“Paul, this is crazy. This whole place is surrounded by them, we should leave now.” Dana was nervous. She hadn’t been with them long, we found her on the side of the road only three days ago nearly dead from starvation. She was in the kitchen and opened the door to the pantry; she let out a scream.
A walker was inside and lunged at her. I was there in an instant and drove my machete through its partially decayed skull. Shit! The scream. I ran to the kitchen window to see an army of walkers turned in our direction. They were coming.
“I’m sorry I didn’t think…” Dana apologized. She was shaking.
“Don’t worry about that, let’s just get out of here alive. Follow me.” I led her out a side door on the other side of the house. The scream attracted them from all directions. I saw Sahara Street in the distance, that’s what I was looking for. We ran for it dodging walkers left and right. 1016 was a small non-descript house with a broken fence and uneven walkway. The door was unlocked and as I walked inside another scream sounded behind me.
“Paul!” A walker had her arm in its mouth. It ripped through her flesh and nearly bit her arm in half. Another was on her from behind and sank its teeth into her slender neck. Blood gushed and she gurgled a scream.
I tried to reach for her but the mass engulfed Dana. She looked at me. I mouthed ‘I’m sorry’ and closed the door. I leaned against it. Fuck! I questioned if this was really worth it.
I turned to the dimly lit room; furniture and books were scattered in the living room. The house was ransacked most likely from other survivors looking for food. A name. All I needed was a name then I would collect whatever was left of Dana and bury her beside him.
Picking through the papers in the kitchen I came across an old newspaper clipping; it was yellow with age and brittle but it was very significant. It was the article that detailed my daughter’s death. It had her picture.
“What the hell?” I leafed through more papers and came across a medical record of sometime. The man’s picture was posted above a name, “David Harris”. Why did that name sound so familiar? The medical record documented that David was diagnosed with a terminal brain tumor that was not operable. His prognosis was grim, only 3 years to live.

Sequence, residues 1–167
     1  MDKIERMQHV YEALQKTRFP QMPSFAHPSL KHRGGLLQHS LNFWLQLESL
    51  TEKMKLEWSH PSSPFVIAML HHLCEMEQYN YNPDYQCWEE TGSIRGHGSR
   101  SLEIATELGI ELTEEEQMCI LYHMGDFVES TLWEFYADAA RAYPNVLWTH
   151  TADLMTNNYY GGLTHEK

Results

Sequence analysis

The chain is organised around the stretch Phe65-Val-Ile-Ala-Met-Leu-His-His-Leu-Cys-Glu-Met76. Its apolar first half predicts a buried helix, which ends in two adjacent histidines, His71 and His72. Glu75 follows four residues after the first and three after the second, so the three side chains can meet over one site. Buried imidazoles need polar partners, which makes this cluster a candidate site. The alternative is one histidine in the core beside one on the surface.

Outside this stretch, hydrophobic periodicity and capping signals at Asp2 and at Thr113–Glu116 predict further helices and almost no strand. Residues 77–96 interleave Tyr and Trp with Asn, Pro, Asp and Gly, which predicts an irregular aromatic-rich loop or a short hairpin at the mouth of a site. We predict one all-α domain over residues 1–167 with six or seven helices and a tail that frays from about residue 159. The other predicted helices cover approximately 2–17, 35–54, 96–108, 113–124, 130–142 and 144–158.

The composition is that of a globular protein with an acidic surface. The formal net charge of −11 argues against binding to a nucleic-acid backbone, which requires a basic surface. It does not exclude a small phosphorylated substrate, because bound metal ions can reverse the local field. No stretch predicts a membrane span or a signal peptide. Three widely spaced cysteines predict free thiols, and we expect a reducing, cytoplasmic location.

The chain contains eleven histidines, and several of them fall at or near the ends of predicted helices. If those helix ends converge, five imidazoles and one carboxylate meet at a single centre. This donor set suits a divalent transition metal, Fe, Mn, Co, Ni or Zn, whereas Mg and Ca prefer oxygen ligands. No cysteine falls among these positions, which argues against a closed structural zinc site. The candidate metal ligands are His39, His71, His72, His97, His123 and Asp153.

“David.” I tried out his familiar name. I was still confused about the news article until I found a journal entry in the kitchen drawer.
I was at my lowest. I had always had a hard time living in this world of words and not being able to speak them. Now this? A brain tumor? I’m dying and there’s nothing anyone can do to stop it. I guess… I guess I wanted to take my death into my own hands. I didn’t want to take anyone with me though. 17. God. She was just 17 years old. What have I done? I got drunk and just wanted the madness to end. I thought the cliffs would be a perfect spot to drive my car over but I never made it there. The accident was my fault and I lived. She didn’t. Her father wouldn’t even look at me. I tried to apologize so many times but I know it wouldn’t have made a difference. The judge took pity on me since I was going to die in three years anyway, I didn’t go to jail but this house is the only jail I need. This body is my jail. I’ll just sit and wait either for death or a chance to redeem myself. I’m sorry.
David killed my daughter. But he saved my life over and over again. He died saving me. The horde outside grew larger and there was no other way out. At least I was able to give him a name…and I accept his apology.
11 October 2013 - 08:45 AM